Next, we have the shortest chapter so far, on Quantifier Complexity, which introduces the notions of \(\Delta_o, \Sigma_1\) and \(\Pi_1\) wffs.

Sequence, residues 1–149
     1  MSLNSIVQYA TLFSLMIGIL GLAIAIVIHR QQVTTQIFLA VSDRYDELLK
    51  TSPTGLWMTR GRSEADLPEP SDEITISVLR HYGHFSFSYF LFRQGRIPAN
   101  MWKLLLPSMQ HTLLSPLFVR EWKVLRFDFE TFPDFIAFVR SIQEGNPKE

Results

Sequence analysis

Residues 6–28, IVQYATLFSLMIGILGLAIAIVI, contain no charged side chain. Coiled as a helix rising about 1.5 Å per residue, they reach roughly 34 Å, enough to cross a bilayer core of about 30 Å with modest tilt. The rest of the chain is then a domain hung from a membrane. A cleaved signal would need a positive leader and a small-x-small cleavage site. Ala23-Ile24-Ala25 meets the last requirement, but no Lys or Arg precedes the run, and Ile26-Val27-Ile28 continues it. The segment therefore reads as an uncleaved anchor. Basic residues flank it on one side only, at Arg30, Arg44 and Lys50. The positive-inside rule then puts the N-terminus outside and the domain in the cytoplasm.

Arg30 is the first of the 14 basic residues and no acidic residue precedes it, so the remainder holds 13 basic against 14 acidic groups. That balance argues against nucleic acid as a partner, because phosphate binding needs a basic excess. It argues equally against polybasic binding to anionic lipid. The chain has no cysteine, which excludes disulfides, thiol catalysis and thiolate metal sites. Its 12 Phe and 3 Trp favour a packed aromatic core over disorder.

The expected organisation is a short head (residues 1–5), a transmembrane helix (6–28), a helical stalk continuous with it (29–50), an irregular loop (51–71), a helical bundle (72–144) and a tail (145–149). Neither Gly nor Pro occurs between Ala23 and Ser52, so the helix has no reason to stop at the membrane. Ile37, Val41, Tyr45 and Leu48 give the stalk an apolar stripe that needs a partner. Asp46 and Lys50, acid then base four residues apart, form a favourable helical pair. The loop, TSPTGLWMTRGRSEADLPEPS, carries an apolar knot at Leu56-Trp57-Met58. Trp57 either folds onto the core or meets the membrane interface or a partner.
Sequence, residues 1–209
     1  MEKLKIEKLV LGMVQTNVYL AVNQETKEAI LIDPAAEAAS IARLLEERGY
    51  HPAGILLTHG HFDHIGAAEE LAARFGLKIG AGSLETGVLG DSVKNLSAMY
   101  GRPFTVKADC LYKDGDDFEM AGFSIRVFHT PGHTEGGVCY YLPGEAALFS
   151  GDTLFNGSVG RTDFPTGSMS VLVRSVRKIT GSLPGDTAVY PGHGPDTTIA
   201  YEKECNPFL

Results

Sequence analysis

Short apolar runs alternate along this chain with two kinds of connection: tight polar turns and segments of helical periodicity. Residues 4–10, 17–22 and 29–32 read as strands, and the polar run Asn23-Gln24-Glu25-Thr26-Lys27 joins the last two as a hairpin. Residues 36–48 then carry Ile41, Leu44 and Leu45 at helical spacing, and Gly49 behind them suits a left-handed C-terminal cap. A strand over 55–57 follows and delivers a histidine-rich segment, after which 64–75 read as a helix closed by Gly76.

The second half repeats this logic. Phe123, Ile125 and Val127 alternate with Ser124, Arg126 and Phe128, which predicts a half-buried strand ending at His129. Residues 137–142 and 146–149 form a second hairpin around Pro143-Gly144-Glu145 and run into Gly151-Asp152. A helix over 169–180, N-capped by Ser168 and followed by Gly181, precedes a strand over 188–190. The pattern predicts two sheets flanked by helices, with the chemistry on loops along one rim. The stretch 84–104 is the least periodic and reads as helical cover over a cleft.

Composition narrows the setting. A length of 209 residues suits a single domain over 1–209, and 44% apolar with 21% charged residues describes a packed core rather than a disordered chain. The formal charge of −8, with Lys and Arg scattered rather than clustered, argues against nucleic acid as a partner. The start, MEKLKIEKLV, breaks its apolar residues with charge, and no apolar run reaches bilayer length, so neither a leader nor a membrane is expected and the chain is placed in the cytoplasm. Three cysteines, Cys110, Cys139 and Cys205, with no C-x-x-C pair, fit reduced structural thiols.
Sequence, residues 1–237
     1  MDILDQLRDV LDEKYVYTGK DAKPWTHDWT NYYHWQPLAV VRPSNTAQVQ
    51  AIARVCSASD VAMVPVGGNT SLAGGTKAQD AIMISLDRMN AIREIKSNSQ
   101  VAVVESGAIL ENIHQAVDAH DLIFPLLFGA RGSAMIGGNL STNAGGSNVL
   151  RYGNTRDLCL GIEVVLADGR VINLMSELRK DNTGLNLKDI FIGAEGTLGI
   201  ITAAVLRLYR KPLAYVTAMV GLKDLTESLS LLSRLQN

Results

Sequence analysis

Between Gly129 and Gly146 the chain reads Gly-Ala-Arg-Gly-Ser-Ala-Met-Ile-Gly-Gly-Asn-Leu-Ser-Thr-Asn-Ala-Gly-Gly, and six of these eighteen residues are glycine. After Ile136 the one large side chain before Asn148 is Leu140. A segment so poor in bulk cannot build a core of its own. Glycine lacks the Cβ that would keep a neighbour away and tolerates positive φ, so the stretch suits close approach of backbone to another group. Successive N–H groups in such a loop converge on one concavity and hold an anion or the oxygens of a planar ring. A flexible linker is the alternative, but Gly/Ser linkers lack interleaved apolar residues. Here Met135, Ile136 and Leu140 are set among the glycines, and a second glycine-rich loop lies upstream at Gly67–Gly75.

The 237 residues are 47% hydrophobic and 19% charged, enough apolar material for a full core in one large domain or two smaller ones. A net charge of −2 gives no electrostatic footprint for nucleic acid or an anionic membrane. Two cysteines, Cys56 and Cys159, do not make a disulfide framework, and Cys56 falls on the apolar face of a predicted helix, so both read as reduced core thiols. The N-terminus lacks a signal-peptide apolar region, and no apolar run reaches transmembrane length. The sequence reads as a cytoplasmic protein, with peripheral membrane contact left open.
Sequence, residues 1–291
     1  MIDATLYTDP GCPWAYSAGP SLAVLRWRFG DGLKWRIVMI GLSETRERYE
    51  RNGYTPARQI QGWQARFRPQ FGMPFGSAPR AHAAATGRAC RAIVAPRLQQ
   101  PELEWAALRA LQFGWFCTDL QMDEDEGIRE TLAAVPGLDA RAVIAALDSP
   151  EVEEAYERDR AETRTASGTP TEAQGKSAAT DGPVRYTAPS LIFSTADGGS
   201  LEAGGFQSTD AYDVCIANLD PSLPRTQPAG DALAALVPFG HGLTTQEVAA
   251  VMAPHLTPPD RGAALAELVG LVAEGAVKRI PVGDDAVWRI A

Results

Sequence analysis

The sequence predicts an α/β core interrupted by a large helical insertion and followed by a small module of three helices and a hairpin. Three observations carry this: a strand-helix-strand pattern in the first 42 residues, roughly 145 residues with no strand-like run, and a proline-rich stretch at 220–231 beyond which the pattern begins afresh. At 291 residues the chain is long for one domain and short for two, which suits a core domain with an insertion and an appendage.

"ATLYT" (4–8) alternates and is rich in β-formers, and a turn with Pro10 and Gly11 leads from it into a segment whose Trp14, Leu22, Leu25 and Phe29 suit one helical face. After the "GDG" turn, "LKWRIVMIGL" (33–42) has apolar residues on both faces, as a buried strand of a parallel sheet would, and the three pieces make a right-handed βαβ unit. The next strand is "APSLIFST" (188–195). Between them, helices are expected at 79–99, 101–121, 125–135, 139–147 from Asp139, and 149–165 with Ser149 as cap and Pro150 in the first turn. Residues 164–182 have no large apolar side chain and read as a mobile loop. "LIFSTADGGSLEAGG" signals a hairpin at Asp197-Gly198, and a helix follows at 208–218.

But there is an intriguing little result in this chapter. If the consistent theory T which includes Robinson Arithmetic Q proves a given \(\Pi_1\) sentence, that sentence must be true. You don’t have to believe the theory T is true to accept its \(\Pi_1\) consequences are true. For example, suppose T is the wildly infinitary apparatus that Wiles uses to prove Fermat’s Last Theorem, which is equivalent to a \(\Pi_1\) sentence. Then you don’t have to believe that infinitary apparatus is actually correct (whatever exactly that means); all you need to believe to accept Fermat’s Last Theorem (assuming Wiles’s corrected derivation from T is correctly done) is that T is consistent. I still find that rather remarkable.
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